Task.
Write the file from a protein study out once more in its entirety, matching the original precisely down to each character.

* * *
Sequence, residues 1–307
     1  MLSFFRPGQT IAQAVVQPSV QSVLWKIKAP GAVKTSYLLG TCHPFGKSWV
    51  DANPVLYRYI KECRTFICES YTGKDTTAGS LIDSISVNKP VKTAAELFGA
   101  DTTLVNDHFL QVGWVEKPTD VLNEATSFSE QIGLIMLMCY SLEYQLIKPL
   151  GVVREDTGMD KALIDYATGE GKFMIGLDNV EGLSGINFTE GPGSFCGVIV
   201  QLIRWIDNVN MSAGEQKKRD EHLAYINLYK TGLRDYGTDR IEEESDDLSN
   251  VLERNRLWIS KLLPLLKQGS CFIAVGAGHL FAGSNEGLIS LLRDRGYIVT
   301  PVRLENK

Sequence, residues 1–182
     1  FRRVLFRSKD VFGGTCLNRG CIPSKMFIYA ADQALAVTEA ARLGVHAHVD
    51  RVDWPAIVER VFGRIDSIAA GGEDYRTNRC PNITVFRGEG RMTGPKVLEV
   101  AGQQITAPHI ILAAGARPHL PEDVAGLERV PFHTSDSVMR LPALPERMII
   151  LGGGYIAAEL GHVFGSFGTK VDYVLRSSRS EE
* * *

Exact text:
Sequence, residues 1–307
     1  MLSFFRPGQT IAQAVVQPSV QSVLWKIKAP GAVKTSYLLG TCHPFGKSWV
    51  DANPVLYRYI KECRTFICES YTGKDTTAGS LIDSISVNKP VKTAAELFGA
   101  DTTLVNDHFL QVGWVEKPTD VLNEATSFSE QIGLIMLMCY SLEYQLIKPL
   151  GVVREDTGMD KALIDYATGE GKFMIGLDNV EGLSGINFTE GPGSFCGVIV
   201  QLIRWIDNVN MSAGEQKKRD EHLAYINLYK TGLRDYGTDR IEEESDDLSN
   251  VLERNRLWIS KLLPLLKQGS CFIAVGAGHL FAGSNEGLIS LLRDRGYIVT
   301  PVRLENK

Sequence, residues 1–182
     1  FRRVLFRSKD VFGGTCLNRG CIPSKMFIYA ADQALAVTEA ARLGVHAHVD
    51  RVDWPAIVER VFGRIDSIAA GGEDYRTNRC PNITVFRGEG RMTGPKVLEV
   101  AGQQITAPHI ILAAGARPHL PEDVAGLERV PFHTSDSVMR LPALPERMII
   151  LGGGYIAAEL GHVFGSFGTK VDYVLRSSRS EE